• Every address generated by the CPU is divided into two parts: Page number (p) and Page offset (d)

• Page number - Used as an index into a page table which contains base address of each page in physical memory.
• Page offset - Combined with base address to define the physical memory address that is sent to the memory unit.

iii. Combined segmentation and paging

Pure segmentation is not very popular and not being used in many of the operating systems. However, Segmentation can be combined with Paging to get the best features out of both the techniques.

In Segmented Paging, the main memory is divided into variable size segments which are further divided into fixed size pages.

• Pages are smaller than segments.

• Each Segment has a page table which means every program has multiple page tables.

• The logical address is represented as Segment Number (base address), Page Number and Page Offset.

• Segment Number - It points to the appropriate Segment Number.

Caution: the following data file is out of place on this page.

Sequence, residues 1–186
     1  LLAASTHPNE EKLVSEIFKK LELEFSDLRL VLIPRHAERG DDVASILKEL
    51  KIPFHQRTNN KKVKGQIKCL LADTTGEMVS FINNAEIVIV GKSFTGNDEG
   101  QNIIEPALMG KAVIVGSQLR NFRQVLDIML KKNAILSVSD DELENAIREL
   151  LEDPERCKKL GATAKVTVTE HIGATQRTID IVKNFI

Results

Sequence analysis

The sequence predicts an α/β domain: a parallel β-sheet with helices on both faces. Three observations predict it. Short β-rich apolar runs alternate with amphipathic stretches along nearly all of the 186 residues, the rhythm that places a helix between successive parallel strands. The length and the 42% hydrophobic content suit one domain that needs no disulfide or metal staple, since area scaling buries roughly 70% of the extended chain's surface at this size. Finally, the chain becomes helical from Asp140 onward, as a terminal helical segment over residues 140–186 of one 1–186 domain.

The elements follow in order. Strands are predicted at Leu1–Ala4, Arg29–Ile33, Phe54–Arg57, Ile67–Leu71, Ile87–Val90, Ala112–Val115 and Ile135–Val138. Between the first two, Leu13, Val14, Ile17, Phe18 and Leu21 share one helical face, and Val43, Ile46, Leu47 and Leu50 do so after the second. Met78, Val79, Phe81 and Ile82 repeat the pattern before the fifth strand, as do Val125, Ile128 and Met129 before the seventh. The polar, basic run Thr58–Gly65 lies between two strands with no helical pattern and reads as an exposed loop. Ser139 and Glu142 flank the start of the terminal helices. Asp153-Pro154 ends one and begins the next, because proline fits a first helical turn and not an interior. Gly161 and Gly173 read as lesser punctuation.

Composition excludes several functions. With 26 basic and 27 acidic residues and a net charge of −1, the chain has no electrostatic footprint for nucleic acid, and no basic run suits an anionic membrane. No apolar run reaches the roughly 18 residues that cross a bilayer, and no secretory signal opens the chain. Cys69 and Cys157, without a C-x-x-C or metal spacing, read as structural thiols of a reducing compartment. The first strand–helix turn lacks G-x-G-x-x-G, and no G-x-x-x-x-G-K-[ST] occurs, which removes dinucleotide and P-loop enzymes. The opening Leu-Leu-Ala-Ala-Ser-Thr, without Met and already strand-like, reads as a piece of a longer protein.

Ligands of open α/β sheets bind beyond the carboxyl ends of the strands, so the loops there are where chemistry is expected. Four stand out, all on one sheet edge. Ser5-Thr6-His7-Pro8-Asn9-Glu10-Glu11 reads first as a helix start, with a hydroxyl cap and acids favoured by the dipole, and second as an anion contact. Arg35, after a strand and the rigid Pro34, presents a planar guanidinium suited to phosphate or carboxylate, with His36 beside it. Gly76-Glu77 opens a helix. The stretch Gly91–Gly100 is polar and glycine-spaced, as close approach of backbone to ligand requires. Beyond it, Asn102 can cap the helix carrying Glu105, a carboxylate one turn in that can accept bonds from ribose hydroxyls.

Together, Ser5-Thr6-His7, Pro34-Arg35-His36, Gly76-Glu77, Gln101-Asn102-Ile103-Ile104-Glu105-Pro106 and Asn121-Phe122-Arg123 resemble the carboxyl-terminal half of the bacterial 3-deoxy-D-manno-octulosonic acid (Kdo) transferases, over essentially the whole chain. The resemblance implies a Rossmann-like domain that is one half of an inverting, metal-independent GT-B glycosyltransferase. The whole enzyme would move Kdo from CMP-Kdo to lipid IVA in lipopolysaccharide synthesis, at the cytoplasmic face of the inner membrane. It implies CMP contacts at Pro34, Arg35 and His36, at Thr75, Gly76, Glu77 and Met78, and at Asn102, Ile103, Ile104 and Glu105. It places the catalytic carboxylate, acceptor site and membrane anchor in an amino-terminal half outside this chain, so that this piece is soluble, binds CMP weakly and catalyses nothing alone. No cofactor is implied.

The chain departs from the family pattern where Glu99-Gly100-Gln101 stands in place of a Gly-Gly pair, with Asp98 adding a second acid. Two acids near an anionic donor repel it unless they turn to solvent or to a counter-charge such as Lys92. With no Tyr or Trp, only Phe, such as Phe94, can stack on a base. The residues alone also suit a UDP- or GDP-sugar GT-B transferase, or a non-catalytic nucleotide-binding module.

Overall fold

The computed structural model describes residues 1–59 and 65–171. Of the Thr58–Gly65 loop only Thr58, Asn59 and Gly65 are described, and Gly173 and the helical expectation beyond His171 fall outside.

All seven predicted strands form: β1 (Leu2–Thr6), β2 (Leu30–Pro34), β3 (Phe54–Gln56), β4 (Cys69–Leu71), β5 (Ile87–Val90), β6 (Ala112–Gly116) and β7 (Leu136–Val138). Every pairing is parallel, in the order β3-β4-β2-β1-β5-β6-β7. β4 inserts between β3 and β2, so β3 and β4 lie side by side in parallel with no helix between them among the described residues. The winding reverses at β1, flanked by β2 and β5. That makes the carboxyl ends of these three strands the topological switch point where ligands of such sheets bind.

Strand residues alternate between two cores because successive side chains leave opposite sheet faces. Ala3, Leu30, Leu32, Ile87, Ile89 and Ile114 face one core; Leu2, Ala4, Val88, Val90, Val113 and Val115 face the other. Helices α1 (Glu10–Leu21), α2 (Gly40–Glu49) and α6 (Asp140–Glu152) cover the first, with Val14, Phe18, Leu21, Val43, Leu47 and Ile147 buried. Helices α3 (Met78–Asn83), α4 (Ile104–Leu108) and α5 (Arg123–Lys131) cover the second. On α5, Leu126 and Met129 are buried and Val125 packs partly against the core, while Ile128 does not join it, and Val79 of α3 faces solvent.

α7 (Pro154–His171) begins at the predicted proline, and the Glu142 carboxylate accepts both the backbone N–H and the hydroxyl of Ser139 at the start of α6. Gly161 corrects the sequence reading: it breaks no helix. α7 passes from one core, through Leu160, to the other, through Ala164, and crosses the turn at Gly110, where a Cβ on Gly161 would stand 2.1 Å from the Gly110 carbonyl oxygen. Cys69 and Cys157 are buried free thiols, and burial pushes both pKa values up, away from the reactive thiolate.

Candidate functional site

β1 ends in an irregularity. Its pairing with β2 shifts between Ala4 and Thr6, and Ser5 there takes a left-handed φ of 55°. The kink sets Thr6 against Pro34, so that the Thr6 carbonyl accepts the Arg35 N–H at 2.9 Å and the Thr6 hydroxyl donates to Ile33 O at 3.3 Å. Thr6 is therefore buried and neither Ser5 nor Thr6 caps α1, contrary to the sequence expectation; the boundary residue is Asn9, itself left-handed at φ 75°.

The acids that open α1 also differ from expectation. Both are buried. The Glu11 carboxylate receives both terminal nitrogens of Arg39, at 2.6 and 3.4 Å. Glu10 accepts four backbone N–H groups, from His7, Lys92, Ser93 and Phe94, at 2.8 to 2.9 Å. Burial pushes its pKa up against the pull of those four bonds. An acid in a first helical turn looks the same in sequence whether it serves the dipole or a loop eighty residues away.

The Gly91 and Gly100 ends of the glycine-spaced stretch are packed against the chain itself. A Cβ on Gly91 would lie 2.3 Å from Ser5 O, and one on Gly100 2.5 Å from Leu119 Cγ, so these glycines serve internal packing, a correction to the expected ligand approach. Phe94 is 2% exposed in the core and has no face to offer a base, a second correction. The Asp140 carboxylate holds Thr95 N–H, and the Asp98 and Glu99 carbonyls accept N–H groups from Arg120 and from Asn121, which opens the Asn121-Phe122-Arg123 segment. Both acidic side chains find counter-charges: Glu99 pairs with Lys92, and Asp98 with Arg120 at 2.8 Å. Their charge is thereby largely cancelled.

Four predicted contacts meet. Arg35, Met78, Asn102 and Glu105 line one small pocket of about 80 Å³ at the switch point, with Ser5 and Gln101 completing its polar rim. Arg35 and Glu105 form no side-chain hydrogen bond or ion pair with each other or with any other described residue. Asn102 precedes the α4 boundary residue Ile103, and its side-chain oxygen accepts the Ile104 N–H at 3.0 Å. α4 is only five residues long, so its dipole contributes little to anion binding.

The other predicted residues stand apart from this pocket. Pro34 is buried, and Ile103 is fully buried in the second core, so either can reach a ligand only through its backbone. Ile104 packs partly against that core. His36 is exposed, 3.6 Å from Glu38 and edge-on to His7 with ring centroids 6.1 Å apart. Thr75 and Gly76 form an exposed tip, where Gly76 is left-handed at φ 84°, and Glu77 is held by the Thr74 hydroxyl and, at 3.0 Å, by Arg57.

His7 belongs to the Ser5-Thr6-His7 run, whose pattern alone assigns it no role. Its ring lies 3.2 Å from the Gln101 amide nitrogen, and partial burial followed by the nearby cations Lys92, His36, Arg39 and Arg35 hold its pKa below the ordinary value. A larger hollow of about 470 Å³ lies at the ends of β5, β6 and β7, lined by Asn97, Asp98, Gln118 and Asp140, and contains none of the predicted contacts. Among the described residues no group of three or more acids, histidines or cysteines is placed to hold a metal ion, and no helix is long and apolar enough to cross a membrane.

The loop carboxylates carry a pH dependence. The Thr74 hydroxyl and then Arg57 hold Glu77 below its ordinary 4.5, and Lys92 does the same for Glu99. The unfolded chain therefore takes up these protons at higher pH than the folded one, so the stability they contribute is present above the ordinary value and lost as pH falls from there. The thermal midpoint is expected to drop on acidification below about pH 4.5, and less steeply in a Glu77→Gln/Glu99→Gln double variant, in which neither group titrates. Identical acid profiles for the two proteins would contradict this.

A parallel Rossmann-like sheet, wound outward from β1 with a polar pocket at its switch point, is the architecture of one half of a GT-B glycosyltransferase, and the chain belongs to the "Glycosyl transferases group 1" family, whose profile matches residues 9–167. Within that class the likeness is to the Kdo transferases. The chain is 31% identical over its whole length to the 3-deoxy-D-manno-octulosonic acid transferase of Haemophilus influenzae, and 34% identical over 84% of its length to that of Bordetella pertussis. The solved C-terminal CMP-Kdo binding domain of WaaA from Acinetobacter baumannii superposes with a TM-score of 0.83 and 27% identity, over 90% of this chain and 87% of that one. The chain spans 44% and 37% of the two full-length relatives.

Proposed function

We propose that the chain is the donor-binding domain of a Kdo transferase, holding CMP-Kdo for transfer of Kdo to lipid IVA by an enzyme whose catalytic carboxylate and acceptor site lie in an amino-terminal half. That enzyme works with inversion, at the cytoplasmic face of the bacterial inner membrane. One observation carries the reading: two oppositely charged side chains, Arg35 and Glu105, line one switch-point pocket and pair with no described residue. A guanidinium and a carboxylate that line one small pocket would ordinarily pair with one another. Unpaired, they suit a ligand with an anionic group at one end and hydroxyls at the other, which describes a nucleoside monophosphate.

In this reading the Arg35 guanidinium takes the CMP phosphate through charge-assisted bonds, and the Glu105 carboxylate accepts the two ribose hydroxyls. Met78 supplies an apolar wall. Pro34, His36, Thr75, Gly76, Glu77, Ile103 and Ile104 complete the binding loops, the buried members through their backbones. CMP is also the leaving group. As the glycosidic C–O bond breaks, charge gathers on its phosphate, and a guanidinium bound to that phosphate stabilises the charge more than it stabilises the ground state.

• Page Number - It Points to the exact page within the segment.
• Page Offset - Used as an offset within the page frame.

Q3. (b) Compare direct file with indexed sequential file organization

Direct File Organization

• Direct file organization is also known as random or relative file organization.
• In direct file, all records are stored in direct access storage device, such as hard disk. The records are randomly placed throughout the file.
• The records does not need to be in sequence because they are updated directly and rewritten back in the same location.
• This file organization is useful for immediate access to large amount of information. It is used in accessing large databases.
• It is also called as hashing.

• Direct file helps in online transaction processing system (OLTP) like online railway reservation system.
• In direct file, sorting of the records are not required.
• It accesses the desired records immediately.